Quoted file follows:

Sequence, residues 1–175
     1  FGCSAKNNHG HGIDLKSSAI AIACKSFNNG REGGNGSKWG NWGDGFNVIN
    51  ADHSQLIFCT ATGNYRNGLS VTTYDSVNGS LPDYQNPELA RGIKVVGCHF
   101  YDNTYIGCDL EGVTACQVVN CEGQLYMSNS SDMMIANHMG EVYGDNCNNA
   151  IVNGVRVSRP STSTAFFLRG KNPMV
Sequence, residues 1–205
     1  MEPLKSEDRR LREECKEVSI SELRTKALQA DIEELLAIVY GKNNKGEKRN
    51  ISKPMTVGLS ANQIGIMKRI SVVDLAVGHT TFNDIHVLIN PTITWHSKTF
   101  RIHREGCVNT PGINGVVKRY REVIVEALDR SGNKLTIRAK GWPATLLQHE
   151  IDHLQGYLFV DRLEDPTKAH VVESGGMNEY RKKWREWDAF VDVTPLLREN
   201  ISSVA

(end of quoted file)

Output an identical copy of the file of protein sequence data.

Sequence, residues 1–175
     1  FGCSAKNNHG HGIDLKSSAI AIACKSFNNG REGGNGSKWG NWGDGFNVIN
    51  ADHSQLIFCT ATGNYRNGLS VTTYDSVNGS LPDYQNPELA RGIKVVGCHF
   101  YDNTYIGCDL EGVTACQVVN CEGQLYMSNS SDMMIANHMG EVYGDNCNNA
   151  IVNGVRVSRP STSTAFFLRG KNPMV
Sequence, residues 1–205
     1  MEPLKSEDRR LREECKEVSI SELRTKALQA DIEELLAIVY GKNNKGEKRN
    51  ISKPMTVGLS ANQIGIMKRI SVVDLAVGHT TFNDIHVLIN PTITWHSKTF
   101  RIHREGCVNT PGINGVVKRY REVIVEALDR SGNKLTIRAK GWPATLLQHE
   151  IDHLQGYLFV DRLEDPTKAH VVESGGMNEY RKKWREWDAF VDVTPLLREN
   201  ISSVA